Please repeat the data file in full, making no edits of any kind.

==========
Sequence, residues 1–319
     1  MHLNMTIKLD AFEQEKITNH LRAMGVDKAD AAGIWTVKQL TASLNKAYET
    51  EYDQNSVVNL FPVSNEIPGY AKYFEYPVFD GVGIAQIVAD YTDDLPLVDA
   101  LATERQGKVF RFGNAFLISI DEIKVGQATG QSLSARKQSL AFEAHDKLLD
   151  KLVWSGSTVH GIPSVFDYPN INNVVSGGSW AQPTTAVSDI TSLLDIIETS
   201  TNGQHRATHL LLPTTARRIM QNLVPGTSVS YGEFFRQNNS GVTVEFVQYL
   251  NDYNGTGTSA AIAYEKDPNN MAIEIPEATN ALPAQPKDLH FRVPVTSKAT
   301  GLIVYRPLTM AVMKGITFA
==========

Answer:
Sequence, residues 1–319
     1  MHLNMTIKLD AFEQEKITNH LRAMGVDKAD AAGIWTVKQL TASLNKAYET
    51  EYDQNSVVNL FPVSNEIPGY AKYFEYPVFD GVGIAQIVAD YTDDLPLVDA
   101  LATERQGKVF RFGNAFLISI DEIKVGQATG QSLSARKQSL AFEAHDKLLD
   151  KLVWSGSTVH GIPSVFDYPN INNVVSGGSW AQPTTAVSDI TSLLDIIETS
   201  TNGQHRATHL LLPTTARRIM QNLVPGTSVS YGEFFRQNNS GVTVEFVQYL
   251  NDYNGTGTSA AIAYEKDPNN MAIEIPEATN ALPAQPKDLH FRVPVTSKAT
   301  GLIVYRPLTM AVMKGITFA